three or four-year-olds. I'm assured that the child is more than
ready to take this next step in his educational program. That may
well be, but my response is so what? Assuredly you can start a
reading program that requires only 10 minutes a day, and that really
isn't a great chunk of time to whittle out of the child's daily
schedule. But most people that insist on starting their preschooler
reading are also working on math, doing science experiments, and
finding all kinds of ways to jumpstart academics. All
this "educational" activity pushes aside the things that a child
should be doing, playing, exploring and discovering life on their own.
Most parents would be horrified to realize that they may be
unintentionally quashing their child's creative abilities by
constantly employing them in directed activities. They teach them to
color in the lines rather than give them art supplies to use as they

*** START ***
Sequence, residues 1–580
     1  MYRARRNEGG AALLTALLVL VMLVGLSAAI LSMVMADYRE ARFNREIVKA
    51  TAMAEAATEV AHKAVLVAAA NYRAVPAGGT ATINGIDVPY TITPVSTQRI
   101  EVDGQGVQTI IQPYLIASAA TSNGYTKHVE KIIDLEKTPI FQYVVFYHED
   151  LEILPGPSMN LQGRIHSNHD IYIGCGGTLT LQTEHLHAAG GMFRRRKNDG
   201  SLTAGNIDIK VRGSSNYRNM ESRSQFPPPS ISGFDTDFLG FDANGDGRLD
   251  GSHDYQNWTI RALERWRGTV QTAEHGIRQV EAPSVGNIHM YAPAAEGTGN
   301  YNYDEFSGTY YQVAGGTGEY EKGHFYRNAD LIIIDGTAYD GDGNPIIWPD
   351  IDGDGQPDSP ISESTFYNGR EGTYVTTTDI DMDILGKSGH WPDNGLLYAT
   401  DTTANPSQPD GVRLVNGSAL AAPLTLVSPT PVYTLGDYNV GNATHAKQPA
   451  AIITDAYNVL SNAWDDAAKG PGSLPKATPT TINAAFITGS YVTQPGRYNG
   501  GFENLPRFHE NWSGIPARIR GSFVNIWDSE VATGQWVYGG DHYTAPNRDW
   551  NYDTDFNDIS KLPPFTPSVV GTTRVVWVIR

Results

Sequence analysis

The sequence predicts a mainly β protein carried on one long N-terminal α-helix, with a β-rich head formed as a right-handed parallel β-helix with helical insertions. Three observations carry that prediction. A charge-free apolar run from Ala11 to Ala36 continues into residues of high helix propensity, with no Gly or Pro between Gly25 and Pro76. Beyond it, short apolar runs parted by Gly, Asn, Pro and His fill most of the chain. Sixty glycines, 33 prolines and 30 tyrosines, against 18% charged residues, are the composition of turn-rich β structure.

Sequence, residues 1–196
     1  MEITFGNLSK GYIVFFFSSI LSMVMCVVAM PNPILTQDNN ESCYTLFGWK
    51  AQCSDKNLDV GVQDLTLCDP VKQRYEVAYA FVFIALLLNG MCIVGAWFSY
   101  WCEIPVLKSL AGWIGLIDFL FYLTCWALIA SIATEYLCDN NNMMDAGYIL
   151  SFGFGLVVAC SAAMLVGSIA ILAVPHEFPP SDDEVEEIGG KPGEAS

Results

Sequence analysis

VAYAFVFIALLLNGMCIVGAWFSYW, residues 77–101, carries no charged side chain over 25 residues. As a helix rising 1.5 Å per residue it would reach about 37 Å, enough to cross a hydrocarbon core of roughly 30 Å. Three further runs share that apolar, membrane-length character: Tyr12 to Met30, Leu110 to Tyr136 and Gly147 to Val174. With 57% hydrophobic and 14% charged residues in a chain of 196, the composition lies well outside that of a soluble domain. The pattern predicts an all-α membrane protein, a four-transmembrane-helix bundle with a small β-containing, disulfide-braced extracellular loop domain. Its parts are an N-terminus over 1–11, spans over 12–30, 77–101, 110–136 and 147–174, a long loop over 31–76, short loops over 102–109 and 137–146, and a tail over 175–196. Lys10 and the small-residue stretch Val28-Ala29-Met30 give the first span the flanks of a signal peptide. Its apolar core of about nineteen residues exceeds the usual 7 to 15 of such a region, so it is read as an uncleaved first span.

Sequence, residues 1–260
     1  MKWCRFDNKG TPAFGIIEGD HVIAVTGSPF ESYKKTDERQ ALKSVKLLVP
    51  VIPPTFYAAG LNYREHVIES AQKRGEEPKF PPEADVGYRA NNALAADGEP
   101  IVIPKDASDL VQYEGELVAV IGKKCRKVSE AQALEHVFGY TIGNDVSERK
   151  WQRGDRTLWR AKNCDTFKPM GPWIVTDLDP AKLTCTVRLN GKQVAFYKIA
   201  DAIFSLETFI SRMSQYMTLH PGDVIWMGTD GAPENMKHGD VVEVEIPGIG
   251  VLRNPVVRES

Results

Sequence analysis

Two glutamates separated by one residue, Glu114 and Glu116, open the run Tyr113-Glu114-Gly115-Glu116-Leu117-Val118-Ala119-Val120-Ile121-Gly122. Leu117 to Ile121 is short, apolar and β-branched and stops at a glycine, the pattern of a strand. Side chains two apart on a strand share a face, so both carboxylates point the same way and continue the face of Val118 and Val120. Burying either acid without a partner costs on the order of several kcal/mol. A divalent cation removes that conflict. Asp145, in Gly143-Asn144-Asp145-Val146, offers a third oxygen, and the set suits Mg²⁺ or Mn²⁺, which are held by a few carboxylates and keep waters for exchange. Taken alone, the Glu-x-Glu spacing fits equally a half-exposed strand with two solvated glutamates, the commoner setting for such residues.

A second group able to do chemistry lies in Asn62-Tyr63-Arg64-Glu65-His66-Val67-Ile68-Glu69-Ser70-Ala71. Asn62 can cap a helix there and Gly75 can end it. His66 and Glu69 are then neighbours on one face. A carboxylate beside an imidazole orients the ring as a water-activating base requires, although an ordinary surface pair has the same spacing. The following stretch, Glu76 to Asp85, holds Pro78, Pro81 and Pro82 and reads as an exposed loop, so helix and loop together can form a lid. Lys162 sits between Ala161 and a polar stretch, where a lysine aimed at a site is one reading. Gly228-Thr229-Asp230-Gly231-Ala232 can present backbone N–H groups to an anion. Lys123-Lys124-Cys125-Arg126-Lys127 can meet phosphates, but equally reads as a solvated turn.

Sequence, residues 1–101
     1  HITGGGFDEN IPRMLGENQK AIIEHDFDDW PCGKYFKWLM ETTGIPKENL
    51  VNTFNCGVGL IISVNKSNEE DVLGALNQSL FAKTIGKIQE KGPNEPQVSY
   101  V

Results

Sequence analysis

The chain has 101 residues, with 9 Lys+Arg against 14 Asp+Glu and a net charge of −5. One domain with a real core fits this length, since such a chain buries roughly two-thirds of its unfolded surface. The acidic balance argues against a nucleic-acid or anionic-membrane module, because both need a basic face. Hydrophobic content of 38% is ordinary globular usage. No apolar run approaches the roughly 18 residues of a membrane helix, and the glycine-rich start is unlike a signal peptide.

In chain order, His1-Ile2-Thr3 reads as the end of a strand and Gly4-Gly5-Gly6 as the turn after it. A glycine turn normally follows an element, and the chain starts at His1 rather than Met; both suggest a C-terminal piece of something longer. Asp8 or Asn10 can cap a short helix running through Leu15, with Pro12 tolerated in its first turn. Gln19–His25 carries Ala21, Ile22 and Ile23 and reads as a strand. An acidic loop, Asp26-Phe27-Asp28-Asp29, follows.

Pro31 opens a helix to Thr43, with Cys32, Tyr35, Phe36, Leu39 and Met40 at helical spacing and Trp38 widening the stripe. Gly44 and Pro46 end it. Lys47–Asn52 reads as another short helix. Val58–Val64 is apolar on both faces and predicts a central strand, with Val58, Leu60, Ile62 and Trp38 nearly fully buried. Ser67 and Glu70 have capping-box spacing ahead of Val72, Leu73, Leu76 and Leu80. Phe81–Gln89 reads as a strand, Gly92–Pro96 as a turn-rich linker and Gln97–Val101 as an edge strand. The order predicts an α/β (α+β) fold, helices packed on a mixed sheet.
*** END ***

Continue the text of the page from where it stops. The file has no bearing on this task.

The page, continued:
decide. Rather than letting them discover ants on their own, they
take them outside for a complete lecture on ants. By the age of two,
they schedule regular dates for their children to play with those
their own age ignoring the fact that two-year-olds don't yet play
socially. They tie up all their time in planned activities and events
never allowing children the freedom to discover on their own.
Creativity needs room to experiment. If children have no room to do
their own thing, they will gradually stop thinking in creative ways
and look only for the "correct" or "proper" way to do something. They
will turn to their authority, the parent, to tell them what they
should do. Later in life they will turn to other authorities.
Admittedly the over-achieving parent I've described is not the norm.
But most of us would recognize those traits in ourselves to one
degree or another. If you're naturally given to a relaxed mode of
life, don't pat yourself on the back too hard. Everyone has flaws,
it's just the organizers in life that fall prey to this need to
organize their children's lives to the nth degree.
So what should an over-achieving parent do besides sitting on their
hands and screeching occasionally? Organize their children's things.